British Evacuation of Kabul Civilians to Finish Within Days, Giving Military Time to Pull Out Over Weekend

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Royal Air Force / Twitter

British operations to extract passport holders, as well as Afghan migrants coming to the United Kingdom, will end in a matter of hours, it is claimed, with the British armed forces and consular staff to withdraw over the weekend ahead of Joe Biden and the Taliban’s 31st deadline.

While the pace of evacuations being effected by British forces appears to be accelerating, the chance of a deadline extension from either the United States — which is facilitating Western control of Kabul airport for now — and the Taliban appears to remain off the table, despite British pleas.

With a hard stop to Western activity in Kabul assumed for August 31st, as well as the civilian evacuation presently ongoing, the British armed forces and consular staff presently working at Kabul airport and in the city also need to leave in time. Making sure there is sufficient time and capacity to move out the roughly 1,000 military personnel means the civilian airlift could finish as soon as Friday or Saturday this week.

The Guardian cites a military insider saying the evacuation could end between “24 and 36 hours”, while The Times notes the final evacuation flight is expected to leave Kabul on Thursday or Friday. Former chief of the defence staff Lord David Richards, quoted in the Daily Telegraph, put the time remaining at 48 hours.

Even so, thousands more could be pulled out in the coming days if the rate of evacuations continues. As of Tuesday night there had been at least 57 British evacuation flights, the Prime Minister said. Since August 13th, 10,291 people had been evacuated — and 2,000 of them were just yesterday, the Foreign Secretary claimed Wednesday morning.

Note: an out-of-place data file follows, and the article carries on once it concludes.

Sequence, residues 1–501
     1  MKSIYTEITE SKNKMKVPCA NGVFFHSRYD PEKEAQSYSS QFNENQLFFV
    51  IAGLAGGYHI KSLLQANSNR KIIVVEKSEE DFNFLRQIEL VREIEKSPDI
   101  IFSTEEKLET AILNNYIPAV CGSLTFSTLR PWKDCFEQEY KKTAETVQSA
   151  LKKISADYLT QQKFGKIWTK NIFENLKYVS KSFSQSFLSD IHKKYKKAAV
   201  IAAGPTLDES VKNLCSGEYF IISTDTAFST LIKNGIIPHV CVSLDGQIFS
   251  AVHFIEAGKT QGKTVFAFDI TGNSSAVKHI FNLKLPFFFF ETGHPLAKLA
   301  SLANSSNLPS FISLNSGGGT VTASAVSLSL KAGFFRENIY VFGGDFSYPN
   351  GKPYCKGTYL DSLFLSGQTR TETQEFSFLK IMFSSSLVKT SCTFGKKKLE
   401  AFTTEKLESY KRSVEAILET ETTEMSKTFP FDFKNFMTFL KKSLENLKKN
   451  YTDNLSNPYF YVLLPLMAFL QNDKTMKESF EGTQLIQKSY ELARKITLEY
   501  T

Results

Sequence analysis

So far, the UK evacuation effort appears to have pulled out more Afghans than Britons. Of those 10,000 people flown out, 5,500 of them were part of the Afghan relocation programme, the Home Office said — although The Guardian reports the number of AFghans is actually far higher, at 6,380. Of the remaining approximate 4,500 passengers, many would have been British citizens but the UK armed forces has also been assisting other European nations struggling with their own evacuation flights.

 

It has been said several times by top UK figures that with the evacuation being conducted in such a hurry, there may be some people who would have been eligible for a flight who won’t make it out. Following Tuesday’s emergency G7 meeting convened by the United Kingdom the group of wealthy nations made clear they expected the Taliban to give free passage out of Afghanistan after August 31st even if the Western powers weren’t physically in the country to receive them.

Prime Minister Boris Johnson made clear he believed the G7 had leverage sufficient to force the Taliban to do this, but the terror group has ordered Afghans not to leave the country, citing concerns over ‘brain drain‘ as the wealthiest, best-educated, and most mobile citizens flee their coming rule. Brain drain is a standard feature of open-borders globalism, where the most educated in the poorest countries expatriate themselves to the most successful nations to pursue advantage — buttressing the power of the already most powerful nations while depriving the least developed of the very people they need most to progress.

The UK preparing to end its activities in Kabul comes as the Republic of Poland, one of the minor contributing nations to the Western alliance in Afghanistna, announced it was suspending its evacuation today. The Polish deputy foreign minister said the decision was taken after discussions with U.S. and British leaders, and said the country was no longer able to “risk the lives of our diplomats” in country as the security picture deteriorated. The Associated Press reports Poland had used “over a dozen” flights to evacuate Polish citizens.

 

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